A statement by Saudi Arabia’s embassy in Washington said Sunday that newly-named Crown Prince Mohammed bin Nayef would lead the Saudi delegation to the summit.
The king’s son, Deputy Crown Prince Mohammed bin Salman, will also attend.
Salman was expected to attend the summit and Washington learned of the change of plans late Friday, administration officials said, insisting that the change was not a slight.
Six Gulf Cooperation Council leaders are due to visit the White House on Wednesday and attend the summit at the bucolic Camp David presidential retreat the next day.
Washington and the Gulf nations will discuss conflicts across the Middle East including in Iraq, Libya, Syria and Yemen, a senior administration official said.
The United States is keen to allay Gulf fears that the country is disengaging from the region and tone down anxiety over closed-door nuclear talks with arch-foe Iran.
“This is also an opportunity to reaffirm the US strategic partnership with the Gulf States, our shared concern about Iran’s destabilizing activities in the region and our mutual commitment to take steps necessary to enhance stability in the Gulf and de-escalate tensions,” the official said.
A partially complete nuclear accord with Tehran has some Gulf diplomats voicing fears in private that Washington is bargaining with Iran at their countries’ expense.
The diplomats have also said they are uneasy about what seems to be Iran’s growing influence in the region.
Saudi Foreign Minister Adel al-Jubeir said Salman would miss the meeting “due to the timing of the summit, the scheduled humanitarian ceasefire in Yemen and the opening of the King Salman Center for Humanitarian Aid,” according to the embassy statement.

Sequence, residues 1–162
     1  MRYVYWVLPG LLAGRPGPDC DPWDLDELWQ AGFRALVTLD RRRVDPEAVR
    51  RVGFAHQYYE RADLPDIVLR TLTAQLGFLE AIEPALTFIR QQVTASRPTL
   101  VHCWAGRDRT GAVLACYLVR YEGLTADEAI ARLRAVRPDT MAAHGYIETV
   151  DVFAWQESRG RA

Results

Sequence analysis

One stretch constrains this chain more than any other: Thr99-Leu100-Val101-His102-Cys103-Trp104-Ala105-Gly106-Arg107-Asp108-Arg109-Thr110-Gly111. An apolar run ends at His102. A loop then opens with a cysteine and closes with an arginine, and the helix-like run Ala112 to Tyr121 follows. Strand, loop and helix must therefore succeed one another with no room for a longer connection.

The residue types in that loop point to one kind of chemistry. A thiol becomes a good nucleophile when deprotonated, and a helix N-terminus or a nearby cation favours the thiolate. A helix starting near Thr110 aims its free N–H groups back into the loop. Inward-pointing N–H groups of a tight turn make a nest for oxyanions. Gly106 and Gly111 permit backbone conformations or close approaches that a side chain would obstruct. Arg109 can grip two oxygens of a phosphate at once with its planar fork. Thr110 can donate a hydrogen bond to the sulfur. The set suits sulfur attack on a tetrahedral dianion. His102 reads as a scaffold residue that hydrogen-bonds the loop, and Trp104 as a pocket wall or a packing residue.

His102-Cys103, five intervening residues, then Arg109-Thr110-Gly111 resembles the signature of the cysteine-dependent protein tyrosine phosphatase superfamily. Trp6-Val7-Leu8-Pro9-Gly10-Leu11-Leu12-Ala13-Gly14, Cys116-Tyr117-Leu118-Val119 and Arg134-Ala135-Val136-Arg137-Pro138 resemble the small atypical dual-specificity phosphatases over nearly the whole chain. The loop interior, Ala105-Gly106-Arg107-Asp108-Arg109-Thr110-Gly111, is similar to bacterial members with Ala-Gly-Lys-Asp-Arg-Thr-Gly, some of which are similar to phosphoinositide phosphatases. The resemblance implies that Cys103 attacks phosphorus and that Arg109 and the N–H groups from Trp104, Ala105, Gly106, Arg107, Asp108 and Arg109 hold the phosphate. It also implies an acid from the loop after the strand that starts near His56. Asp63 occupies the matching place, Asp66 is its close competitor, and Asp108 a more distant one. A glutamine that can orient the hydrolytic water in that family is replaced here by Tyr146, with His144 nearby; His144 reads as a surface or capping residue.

Jubeir “reiterated King Salman’s commitment to achieving peace and security in Yemen and his eagerness to the speedy delivery of humanitarian aid to the brotherly people of Yemen,” it added.
US Secretary of State Kohn Kerry met with Gulf foreign ministers last week in Paris to prepare for the summit that is slated to include leaders from Bahrain, Kuwait, Oman, Qatar, Saudi Arabia and the United Arab Emirates.
The summit was described by one diplomat as “long overdue.”
– Yemen in chaos –
The Obama administration has pressed Saudi Arabia to ease an imprecise air campaign on Yemen that appears to have had a limited impact on the ground.
After more than six weeks of Saudi-led air strikes, Yemeni rebels said they would respond “positively” to ceasefire efforts and their allies accepted a US-backed truce plan.
Riyadh has offered a five-day humanitarian truce from 2000 GMT Tuesday. The country said its ceasefire offer is conditional on the rebels reciprocating and not exploiting it for military advantage.
Salman said the Saudi-led air war was launched on Yemen to foil a plot by a “sectarian group” to undermine Middle East security. He said the campaign prevented Yemen from becoming a “theater of terrorism.”
Saudi artillery responded to rocket fire from Yemen that wounded four women inside the country Sunday.
More than 1,400 people have been killed since late March in the conflict, according to the United Nations.
Aid agencies have called for an immediate ceasefire in a statement signed by 17 organizations.